These were major operatic hotspots, rivalling many European cities in their packed performance schedules. And yet we have been slow in recognizing their significance. It has been suggested that these colonial theaters became sites of aesthetic innovation and even political radicalism, able to mount performances that would have been subject to stricter censorship in the metropole – it is even possible that these politically charged Caribbean performances had a considerable impact on operatic culture in Europe.
These are disturbing operatic histories: the number of times the name “Figaro” appears in escaped slave adverts is a grim testament to how deeply our most beloved operatic staples were bound up with the history of slavery.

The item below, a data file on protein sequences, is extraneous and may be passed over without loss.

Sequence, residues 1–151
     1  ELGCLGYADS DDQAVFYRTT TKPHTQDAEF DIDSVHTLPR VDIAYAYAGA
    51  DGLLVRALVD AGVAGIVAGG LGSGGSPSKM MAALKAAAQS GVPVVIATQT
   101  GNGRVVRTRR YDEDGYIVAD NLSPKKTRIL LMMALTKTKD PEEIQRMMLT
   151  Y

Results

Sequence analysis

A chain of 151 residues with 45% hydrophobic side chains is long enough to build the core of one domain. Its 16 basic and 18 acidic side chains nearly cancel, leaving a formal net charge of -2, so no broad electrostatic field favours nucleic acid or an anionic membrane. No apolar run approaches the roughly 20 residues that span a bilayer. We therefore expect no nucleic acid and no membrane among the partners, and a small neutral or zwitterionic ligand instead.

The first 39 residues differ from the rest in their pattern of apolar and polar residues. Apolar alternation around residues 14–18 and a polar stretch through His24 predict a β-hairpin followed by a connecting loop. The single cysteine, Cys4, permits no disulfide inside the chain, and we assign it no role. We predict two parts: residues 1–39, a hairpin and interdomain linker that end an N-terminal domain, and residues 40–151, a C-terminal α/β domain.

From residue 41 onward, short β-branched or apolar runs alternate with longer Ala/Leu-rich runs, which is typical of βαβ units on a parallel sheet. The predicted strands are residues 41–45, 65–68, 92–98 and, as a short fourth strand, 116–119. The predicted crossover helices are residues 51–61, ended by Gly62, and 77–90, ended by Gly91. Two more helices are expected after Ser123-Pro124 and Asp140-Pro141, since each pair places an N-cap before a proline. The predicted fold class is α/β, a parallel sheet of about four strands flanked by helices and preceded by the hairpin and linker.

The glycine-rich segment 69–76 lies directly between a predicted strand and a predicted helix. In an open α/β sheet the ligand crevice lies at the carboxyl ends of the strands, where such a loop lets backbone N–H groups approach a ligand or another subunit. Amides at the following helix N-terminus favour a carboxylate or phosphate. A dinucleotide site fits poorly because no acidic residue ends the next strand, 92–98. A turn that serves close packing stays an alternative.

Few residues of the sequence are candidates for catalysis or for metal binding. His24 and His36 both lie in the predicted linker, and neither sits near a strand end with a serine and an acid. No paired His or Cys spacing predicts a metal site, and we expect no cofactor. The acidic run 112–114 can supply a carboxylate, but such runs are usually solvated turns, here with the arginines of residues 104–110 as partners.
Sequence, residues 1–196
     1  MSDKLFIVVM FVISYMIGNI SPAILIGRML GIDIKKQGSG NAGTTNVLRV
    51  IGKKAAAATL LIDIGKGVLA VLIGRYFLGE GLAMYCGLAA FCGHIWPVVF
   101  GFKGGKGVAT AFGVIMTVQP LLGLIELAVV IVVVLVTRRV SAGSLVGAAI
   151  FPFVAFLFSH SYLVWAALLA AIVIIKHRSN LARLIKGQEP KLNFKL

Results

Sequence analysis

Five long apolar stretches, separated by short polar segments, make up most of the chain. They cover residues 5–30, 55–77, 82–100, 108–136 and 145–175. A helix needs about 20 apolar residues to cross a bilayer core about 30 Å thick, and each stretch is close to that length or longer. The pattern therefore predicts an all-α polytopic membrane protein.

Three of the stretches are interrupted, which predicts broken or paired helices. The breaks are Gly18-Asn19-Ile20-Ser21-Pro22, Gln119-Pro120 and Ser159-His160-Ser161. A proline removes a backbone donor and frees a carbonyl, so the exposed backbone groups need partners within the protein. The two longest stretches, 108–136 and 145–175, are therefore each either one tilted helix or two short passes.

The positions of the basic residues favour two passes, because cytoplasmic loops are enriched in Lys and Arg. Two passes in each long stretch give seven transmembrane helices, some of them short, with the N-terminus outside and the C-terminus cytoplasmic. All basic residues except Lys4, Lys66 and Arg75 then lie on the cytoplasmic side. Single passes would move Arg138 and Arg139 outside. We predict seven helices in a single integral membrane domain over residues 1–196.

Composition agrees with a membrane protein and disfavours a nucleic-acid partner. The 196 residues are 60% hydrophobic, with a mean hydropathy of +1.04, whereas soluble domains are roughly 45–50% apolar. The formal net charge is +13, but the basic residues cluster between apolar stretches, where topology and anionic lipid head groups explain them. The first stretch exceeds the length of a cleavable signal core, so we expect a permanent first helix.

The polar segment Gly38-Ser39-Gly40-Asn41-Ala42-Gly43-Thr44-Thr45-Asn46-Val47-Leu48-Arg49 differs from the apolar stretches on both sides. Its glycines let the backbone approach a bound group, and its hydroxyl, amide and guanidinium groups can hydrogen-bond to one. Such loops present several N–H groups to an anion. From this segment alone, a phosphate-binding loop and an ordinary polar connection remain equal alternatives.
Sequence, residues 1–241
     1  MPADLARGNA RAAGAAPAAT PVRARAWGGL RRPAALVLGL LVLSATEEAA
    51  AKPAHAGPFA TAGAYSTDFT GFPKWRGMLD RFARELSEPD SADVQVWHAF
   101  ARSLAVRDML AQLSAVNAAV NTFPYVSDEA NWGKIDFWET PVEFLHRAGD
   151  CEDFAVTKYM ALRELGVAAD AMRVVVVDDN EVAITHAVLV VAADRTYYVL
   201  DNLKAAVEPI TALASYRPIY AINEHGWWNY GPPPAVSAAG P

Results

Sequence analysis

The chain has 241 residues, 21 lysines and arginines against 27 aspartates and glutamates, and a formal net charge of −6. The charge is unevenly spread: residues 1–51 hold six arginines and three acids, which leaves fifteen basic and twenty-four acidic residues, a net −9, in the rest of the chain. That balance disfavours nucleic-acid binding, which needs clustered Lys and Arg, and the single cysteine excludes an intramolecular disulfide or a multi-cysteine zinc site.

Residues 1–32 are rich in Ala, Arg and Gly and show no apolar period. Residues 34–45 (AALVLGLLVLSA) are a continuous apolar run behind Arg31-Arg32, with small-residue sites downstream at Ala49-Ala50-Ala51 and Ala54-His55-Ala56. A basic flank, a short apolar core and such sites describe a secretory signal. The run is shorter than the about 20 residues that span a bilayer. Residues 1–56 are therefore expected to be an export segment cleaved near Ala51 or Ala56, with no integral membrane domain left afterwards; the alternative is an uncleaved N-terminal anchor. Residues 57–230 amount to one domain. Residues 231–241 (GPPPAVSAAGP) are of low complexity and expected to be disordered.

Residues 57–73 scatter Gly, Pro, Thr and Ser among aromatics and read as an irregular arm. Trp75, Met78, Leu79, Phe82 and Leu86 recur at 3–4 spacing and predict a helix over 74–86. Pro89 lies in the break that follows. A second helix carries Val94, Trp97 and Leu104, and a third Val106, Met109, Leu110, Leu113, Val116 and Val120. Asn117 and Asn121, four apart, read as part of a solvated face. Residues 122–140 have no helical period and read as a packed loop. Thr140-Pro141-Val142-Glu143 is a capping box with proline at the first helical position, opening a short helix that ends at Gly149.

Take the front page of this 1784 issue of the French-Atlantic colonial newspaper Les Affiches américaines. The right column consists of a list of fugitives from slavery who were captured in the French Antilles; these advertisements were placed in the press so that the plantation owners who originally enslaved these maroons could force them back into slavery.
Midway through the second paragraph, we see that a slave named Figaro – branded on his chest with the name of his owner (most probably Nicolas-Agnès-François Denord, Chevalier de Saint-Louis) – was captured on the 28th of August in Petite Anse, a small community just outside of the city of Cap-Français (modern-day Cap-Haïtien) in Saint-Domingue; he is being held in the Cap-Français prison.
On the second page of this same issue, another advertisement plugs a performance of Grétry’s opéra comique, Le jugement de Midas, at the opera house in Cap-Français, a benefit concert for the company’s music director.